Arriving at this particular all-inc, I had no idea what to expect. My arrival, in a local DMC van, required a quite extensive name check before arriving at the main entrance. I passed AAA 4-diamond plaques for the last 3 years. Inside the open-front, open-rear lobby I felt I was in the South Pacific. A bellman picked up that I was in Turquoize, the one block in this three-building, 547-room resort that is adult only, and demands a premium of $50-100 per room. He walked me seven minutes along a zigzag concrete ‘road’, open to the elements one side: on the other, glass-walled, side are a dessert-only outlet, a coffee stall, a sunglasses store, a craft brew outlet, a resort wear boutique. In the Turquoize lounge I had to wait a bit too long as the one receptionist was taking forever checking in a young Asian couple. Then I was befriended by an extremely smart 35-ish butler, Eduardo, in uniform turquoise overshirt. As he took me up in one of three elevators to floor two he told about his years at sea with Royal Caribbean (he returned to land as he missed his son).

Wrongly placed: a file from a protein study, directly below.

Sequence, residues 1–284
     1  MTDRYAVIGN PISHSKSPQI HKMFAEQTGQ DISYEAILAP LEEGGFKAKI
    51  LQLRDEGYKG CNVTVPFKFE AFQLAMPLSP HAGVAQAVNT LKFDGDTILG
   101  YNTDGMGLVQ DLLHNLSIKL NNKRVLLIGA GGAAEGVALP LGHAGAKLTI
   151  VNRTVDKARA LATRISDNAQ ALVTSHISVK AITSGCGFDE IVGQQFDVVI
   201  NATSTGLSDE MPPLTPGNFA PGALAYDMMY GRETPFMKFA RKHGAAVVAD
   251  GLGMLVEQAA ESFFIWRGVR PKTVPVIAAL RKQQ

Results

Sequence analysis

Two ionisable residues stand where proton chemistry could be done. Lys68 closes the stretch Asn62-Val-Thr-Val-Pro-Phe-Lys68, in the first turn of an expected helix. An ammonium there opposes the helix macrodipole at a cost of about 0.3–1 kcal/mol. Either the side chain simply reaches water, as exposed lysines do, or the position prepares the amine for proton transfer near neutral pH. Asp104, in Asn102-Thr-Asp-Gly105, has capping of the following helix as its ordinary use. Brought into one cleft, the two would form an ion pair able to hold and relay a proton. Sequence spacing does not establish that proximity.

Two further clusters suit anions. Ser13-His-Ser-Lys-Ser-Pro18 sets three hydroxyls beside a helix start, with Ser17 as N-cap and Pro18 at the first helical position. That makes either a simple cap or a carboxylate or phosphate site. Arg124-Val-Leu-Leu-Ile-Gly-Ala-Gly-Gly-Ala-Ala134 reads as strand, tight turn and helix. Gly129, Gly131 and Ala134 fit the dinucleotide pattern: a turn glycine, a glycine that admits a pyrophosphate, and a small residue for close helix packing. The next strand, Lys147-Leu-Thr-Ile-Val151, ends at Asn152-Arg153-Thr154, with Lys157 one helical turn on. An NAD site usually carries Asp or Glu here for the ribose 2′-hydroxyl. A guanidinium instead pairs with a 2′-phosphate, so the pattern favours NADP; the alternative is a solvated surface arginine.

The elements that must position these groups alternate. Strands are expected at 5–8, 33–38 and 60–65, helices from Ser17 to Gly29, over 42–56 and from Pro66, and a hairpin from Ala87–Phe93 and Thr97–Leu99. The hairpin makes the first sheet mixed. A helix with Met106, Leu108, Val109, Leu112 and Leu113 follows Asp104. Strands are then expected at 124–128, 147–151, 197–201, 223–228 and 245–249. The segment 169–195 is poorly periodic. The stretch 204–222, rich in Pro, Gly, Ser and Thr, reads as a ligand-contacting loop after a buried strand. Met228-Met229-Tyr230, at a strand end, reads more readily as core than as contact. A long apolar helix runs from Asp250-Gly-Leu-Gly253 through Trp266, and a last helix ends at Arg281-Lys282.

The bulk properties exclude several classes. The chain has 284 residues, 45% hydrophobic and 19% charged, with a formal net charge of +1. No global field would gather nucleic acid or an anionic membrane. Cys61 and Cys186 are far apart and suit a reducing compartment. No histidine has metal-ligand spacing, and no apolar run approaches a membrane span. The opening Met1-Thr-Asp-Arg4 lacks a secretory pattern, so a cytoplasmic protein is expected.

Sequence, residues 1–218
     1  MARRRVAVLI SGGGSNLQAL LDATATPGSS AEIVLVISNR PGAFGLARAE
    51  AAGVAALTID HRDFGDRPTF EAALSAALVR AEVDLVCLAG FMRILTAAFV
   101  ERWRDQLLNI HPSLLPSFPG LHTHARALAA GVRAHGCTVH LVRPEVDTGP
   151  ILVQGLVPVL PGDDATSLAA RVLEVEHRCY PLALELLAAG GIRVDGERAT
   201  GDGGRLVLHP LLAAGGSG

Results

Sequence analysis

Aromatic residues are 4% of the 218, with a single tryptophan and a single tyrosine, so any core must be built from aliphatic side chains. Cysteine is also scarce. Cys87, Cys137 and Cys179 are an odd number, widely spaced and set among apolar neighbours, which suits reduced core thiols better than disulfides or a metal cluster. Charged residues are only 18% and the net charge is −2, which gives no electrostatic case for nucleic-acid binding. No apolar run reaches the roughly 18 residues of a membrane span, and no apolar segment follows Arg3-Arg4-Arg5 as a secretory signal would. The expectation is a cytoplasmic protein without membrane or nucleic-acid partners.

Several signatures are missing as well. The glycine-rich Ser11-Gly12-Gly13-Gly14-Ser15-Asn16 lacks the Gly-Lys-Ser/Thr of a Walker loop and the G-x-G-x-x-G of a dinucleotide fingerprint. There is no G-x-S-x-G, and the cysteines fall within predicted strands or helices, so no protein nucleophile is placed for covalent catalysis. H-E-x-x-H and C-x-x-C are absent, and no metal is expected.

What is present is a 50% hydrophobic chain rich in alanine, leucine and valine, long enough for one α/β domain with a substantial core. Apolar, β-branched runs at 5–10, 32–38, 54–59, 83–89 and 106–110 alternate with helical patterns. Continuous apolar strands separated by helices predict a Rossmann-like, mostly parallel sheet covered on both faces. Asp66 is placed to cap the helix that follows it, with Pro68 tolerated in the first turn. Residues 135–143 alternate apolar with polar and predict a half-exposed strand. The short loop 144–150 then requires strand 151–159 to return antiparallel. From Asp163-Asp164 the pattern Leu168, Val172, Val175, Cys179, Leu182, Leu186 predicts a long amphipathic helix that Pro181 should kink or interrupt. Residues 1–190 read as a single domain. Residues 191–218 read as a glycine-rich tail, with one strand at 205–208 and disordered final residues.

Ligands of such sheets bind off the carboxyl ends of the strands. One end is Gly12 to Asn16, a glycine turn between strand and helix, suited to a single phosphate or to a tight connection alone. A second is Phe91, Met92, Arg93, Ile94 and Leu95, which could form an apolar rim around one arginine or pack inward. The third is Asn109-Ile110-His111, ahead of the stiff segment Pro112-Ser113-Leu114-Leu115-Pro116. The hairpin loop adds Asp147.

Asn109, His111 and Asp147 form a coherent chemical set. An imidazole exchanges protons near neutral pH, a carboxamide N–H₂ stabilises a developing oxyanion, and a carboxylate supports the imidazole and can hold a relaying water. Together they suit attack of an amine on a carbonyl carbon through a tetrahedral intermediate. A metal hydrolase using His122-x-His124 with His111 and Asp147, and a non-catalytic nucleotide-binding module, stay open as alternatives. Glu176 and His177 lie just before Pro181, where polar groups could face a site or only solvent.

In 2015 this property completed a $90 million transformation from a Dreams hotel – architects InterAeq, interiors by Ken Shannon/Leisure Hospitality Design International LHDI. Upper corridors are utilitarian, relieved by a blue and grey carpet strip. We made two right-angle turns, a total of 40 metres, to get to #217, opened by pressure pad.
Actually the room, 17 x five metres, is just a litle utilitarian too, with cream-varnished concrete floors, cream walls relieved only by a fabric-sculpted frieze above the bedhead and some wood sail shapes climbing up that wall and over to the ceiling. Looking in from the door, the 25% of space to my immediate left leads to the ablution area, with wood dividers and doors. There are two rectangular NK washbasins set into a 4m-long vanity unit. The two-head shower is big enough to hold a family. I have an Aliseo magnifier (the entire room’s light switches are commendably clearly labelled, and there are masses of sockets). I have a Conair Iconic hairdryer, and L’Occitane Mistral toiletries. Linens, bath and bed, are TY, from Pakistan.